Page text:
Scientists Develop App for Early Detection of Leukocoria
Wednesday, January 8 2020 | 15 h 27 min | News, Vision Science
A group of scientists have developed an app that detects abnormal eye reflections from pictures. Dr. Bryan Shaw, associate professor in the Department of Chemistry and Biochemistry at Baylor University, Texas, helped develop an app that can detect disease early in children by scanning their pictures for leukocoria. In normal eyes, a test for light reflecting from the back of the retina shows up red. However, in those with leukocoria or ‘white eye’, the light reflection appears white.
Parents can use the app to scan pictures of their children from their phone to detect the abnormal white reflection, which is a characteristic found in eye conditions including retinoblastoma (a rare cancer most common in young children), Coat’s disease, cataracts, amblyopia and hyperopia.
The app, called CRADLE White Eye Detector, is available for free on IOS and Android devices.
In a study published in the journal Science Advances, the White Eye Detector app was tested on 52,982 children’s photos of 20 children with confirmed eye diseases and 20 with normal eyes. The app was able to detect known leukocoria in 1 in 3 pictures and around 1.3 years before the child was diagnosed in 80 percent of the cases. The researchers are working on improving these results in their new version.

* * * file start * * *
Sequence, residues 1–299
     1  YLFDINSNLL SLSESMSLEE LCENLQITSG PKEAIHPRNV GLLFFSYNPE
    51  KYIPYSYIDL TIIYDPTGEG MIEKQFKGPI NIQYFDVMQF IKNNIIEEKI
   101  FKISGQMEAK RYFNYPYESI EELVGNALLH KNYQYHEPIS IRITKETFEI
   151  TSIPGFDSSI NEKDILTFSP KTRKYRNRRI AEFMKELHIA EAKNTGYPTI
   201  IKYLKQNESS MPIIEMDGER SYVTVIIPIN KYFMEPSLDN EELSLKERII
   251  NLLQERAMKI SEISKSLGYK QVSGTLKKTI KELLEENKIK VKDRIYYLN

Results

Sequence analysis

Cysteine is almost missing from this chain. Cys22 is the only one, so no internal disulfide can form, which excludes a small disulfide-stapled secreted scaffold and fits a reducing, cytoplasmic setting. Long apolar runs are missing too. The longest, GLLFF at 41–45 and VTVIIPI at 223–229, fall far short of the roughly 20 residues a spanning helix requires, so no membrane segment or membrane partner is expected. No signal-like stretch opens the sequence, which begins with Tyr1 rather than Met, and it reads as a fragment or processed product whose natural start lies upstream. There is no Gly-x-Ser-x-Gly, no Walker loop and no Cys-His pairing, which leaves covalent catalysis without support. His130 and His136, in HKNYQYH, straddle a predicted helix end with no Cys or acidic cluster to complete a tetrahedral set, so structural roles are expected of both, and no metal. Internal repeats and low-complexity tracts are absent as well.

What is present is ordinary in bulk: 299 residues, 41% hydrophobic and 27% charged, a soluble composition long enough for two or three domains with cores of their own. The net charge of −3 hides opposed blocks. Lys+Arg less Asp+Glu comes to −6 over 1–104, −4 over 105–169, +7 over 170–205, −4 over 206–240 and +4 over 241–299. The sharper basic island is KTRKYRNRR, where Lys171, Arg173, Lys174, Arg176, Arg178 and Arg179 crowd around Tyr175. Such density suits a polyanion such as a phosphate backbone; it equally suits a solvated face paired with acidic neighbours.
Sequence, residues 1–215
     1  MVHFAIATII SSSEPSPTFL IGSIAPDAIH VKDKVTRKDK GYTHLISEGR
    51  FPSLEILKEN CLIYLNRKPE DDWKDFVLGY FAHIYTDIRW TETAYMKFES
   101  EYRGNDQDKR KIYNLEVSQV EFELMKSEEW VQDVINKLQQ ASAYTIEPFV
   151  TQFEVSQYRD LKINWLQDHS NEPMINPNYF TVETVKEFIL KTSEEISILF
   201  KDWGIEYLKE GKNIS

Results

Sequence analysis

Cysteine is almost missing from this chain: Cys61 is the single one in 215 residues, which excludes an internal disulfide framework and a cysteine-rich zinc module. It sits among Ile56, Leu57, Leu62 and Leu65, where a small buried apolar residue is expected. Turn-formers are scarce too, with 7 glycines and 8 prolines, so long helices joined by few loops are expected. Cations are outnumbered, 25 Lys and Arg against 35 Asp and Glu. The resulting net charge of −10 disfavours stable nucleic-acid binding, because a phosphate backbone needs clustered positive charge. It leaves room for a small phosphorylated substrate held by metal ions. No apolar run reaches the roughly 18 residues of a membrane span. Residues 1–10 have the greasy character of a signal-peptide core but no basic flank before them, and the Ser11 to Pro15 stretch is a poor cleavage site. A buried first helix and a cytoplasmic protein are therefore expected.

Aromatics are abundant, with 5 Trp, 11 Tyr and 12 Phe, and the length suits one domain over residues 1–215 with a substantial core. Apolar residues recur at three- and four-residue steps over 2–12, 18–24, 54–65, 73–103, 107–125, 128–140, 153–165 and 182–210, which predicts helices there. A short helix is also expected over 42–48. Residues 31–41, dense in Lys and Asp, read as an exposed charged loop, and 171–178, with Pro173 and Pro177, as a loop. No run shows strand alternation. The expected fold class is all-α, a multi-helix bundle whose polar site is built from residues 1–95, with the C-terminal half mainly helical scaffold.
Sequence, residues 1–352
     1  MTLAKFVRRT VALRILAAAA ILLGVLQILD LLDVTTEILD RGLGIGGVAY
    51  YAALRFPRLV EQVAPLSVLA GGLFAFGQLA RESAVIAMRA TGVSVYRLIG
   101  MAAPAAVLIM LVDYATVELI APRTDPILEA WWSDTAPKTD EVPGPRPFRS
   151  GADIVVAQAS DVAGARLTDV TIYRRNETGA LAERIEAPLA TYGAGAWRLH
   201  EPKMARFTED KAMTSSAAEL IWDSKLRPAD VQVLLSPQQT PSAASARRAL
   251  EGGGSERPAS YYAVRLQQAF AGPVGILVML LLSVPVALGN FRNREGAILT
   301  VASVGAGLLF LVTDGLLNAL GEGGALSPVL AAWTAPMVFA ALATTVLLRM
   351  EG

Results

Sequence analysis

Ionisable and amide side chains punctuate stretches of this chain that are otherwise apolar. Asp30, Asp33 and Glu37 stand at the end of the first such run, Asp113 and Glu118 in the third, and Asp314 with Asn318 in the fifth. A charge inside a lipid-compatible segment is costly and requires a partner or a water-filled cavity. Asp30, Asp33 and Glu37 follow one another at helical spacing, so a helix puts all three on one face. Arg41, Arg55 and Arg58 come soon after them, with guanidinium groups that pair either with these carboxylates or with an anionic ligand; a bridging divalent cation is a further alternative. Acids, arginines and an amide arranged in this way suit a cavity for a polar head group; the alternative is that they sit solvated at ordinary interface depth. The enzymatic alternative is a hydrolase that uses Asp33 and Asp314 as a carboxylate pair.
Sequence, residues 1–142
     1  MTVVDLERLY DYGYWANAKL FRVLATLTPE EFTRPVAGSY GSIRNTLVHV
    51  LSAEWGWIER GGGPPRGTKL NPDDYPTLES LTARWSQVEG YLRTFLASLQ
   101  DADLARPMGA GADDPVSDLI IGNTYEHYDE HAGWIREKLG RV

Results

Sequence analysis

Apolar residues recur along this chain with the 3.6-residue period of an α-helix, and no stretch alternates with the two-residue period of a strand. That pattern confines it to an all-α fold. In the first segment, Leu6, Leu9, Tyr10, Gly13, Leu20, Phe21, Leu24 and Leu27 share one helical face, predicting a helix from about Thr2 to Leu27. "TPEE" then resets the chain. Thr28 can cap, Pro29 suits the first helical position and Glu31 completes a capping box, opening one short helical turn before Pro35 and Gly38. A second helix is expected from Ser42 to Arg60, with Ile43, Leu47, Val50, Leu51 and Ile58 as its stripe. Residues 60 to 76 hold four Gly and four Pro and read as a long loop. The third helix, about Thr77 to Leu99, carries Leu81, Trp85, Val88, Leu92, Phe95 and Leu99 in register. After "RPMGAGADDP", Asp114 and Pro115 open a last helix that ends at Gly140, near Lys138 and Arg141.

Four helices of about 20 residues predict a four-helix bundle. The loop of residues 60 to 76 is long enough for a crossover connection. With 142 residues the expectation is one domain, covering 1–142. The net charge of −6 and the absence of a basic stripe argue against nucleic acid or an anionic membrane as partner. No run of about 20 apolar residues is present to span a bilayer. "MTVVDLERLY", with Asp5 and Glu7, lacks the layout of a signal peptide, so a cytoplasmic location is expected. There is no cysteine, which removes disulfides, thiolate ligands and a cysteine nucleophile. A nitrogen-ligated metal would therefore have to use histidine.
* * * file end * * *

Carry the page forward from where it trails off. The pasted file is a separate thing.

The downside is that the app can’t distinguish between a white pupil reflection due to eye disease and the white eye that occasionally occurs in normal eyes. “What is really needed is an app that can tell when white eye is due to an eye disease”, says Ashwin Reddy, a retinoblastoma consultant at the Royal London Hospital in the UK.
Shaw thinks it’s difficult to distinguish this based on appearance alone but does claim that white eye appears 10 times more frequently in those with eye disease. The purpose is to encourage early diagnosis.
Researcher Shaw’s own son lost an eye to retinoblastoma after being diagnosed at only four months old. “Unfortunately, we caught it too late. Looking back, we found leukocoria showing up in pictures taken when he was only 12 days old.” said Shaw.
Lisa Christian, an associate clinical professor at the School of Optometry and Vision Science at the University of Waterloo said that “I would like to remind the reader that optometrists provide comprehensive eye care to children starting at six months of age, and parents can also choose to take their child to an optometrist to confirm the leukocoria diagnosis.”